Since we live in a time of information overload, it is pretty easy to find a plan on Google and not know if it is the right one for you. If you more than a week into your plan and not seeing significant success (decrease in night wakings, dropping of night feeds, decreased time it takes to fall asleep), reach out to a sleep expert via blog, book, or phone call, and get yourself some expert help! And please know that what works for some, does not work for all. After all, we are talking about babies not robots. 

Step 4: Assess your progress as you walk through the process

Here are a few signs to look for as evidence that the skill of sleep has been (or is being) established:

-Naps are longer than 40 (or so) minutes. This is a great indicator that they are able to independently link sleep cycles together.

-Bedtime protest is 15 minutes or less. This shows us that their “sleep pressure” before bed is spot on. They are tired enough, but not overtired!

-Your little one is falling back to sleep in the middle of the night without intervention. We don’t expect to never hear them as they link sleep cycles together (some babies cry out, roll over, sit up, call for us or even stand as one sleep cycle ends and before the next begins), but we are confident that they are able to start their next sleep cycle without needing intervention from us! 

-Night feeds start to drop without having to pull them. When there is not a prop association to fall asleep at bedtime, little ones are much more likely to connect their middle of the night cycles without needing the prop. So, if the original dependency was being fed to sleep and we have stopped doing that at bedtime, chances are baby is able to fall back to sleep in the night without the feeds, too!

-Baby is happy upon waking up. This can be one (but isn’t the only) indicator that the naps or nighttime sleep are aligned with baby’s sleep needs.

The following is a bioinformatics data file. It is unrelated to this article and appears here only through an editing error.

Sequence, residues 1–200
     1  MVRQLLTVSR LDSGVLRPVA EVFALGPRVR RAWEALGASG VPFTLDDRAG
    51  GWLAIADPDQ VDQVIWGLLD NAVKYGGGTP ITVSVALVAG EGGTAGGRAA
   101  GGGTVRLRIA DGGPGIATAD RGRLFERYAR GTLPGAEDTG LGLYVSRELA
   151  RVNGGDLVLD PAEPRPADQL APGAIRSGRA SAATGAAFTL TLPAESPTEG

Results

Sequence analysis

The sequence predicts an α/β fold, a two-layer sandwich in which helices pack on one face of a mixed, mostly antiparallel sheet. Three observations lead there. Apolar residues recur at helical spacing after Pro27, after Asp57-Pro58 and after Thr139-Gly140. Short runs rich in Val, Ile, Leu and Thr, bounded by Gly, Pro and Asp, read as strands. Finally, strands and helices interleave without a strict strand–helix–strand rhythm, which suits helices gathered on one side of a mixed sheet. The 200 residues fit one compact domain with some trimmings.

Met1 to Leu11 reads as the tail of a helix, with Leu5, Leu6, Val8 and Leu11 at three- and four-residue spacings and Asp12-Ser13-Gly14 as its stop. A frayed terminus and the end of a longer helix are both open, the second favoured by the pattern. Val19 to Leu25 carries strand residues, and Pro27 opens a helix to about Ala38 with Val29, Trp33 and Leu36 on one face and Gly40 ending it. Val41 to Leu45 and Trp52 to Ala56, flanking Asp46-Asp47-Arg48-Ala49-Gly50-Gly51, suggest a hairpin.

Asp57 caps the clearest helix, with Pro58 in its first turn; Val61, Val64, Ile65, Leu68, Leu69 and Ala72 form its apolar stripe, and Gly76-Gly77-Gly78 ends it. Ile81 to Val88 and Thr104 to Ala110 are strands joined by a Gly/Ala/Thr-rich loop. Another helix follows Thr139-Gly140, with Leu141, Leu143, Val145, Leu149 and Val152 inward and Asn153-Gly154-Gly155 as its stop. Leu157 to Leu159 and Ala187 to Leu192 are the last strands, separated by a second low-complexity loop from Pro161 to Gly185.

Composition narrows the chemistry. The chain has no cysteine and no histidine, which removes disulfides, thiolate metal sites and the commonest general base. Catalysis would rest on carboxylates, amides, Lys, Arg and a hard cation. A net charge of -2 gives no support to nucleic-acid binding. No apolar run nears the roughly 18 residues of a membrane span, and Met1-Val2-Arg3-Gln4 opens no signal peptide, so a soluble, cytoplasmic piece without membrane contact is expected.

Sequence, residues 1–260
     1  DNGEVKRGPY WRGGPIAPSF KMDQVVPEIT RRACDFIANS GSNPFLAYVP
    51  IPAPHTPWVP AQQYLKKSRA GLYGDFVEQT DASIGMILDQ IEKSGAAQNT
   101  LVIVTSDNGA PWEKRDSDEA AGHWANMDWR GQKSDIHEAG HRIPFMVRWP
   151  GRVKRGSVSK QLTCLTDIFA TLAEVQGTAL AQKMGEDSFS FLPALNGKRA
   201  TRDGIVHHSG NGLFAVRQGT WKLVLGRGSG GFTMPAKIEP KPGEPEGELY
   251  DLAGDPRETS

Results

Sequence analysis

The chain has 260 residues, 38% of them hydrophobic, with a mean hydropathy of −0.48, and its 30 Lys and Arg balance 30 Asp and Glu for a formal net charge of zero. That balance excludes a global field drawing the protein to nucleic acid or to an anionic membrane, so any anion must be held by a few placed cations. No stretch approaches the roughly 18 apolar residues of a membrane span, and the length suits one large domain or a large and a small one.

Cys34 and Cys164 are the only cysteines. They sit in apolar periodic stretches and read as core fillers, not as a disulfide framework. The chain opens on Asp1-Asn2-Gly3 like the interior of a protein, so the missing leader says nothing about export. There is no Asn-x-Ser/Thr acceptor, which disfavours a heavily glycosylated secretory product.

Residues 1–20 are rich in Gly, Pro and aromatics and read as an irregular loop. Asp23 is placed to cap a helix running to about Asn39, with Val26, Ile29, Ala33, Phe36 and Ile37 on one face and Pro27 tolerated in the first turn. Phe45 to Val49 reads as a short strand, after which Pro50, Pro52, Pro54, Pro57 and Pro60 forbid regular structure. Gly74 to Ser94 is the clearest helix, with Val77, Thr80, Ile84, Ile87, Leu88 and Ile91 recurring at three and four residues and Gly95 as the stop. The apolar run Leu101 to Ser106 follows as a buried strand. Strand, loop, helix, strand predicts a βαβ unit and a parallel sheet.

-Wake windows are attainable. When we are able to make it through an entire wake window without too much of a push or stretch, it is a good sign that we are in the wake window “sweet spot”.

-Signs of overtiredness are decreasing. Excessive fussiness, inability to take full feeds, separation anxiety, and recurring meltdowns all tend to reduce once a child’s sleep needs are being met on a daily basis. Talk about a winning combination!  

Success: Let’s celebrate this independent sleep skill

Congrats, you are well on your way to sleep independence before Independence Day! We hope these 4 steps have been helpful in setting you on the path towards having a great little sleeper. 

Now, go celebrate the freedoms that we have (sleep included), and try not to fret too much about keeping everyone up late to see the fireworks... There will always be an opportunity to get back on track!


Brittney Stefanic is a whole-family certified sleep consultant and founder of Sleeper Teachers®. As a sleep enthusiast, she knows that independent sleep is such a game changer for families. When we are able to teach the skill of sleep to  our little ones, partenthood improves, relationships are elevated and the entire family is better off. Brittney and her team love educating and support families around the world in finding sleep solutions through their customized sleep plans. You can follow the Sleeper Teachers® on Instagram, Pinterest, and Facebook @sleeperteachers for funny Reels, lots of blogs and frequent sleep Q&A sessions.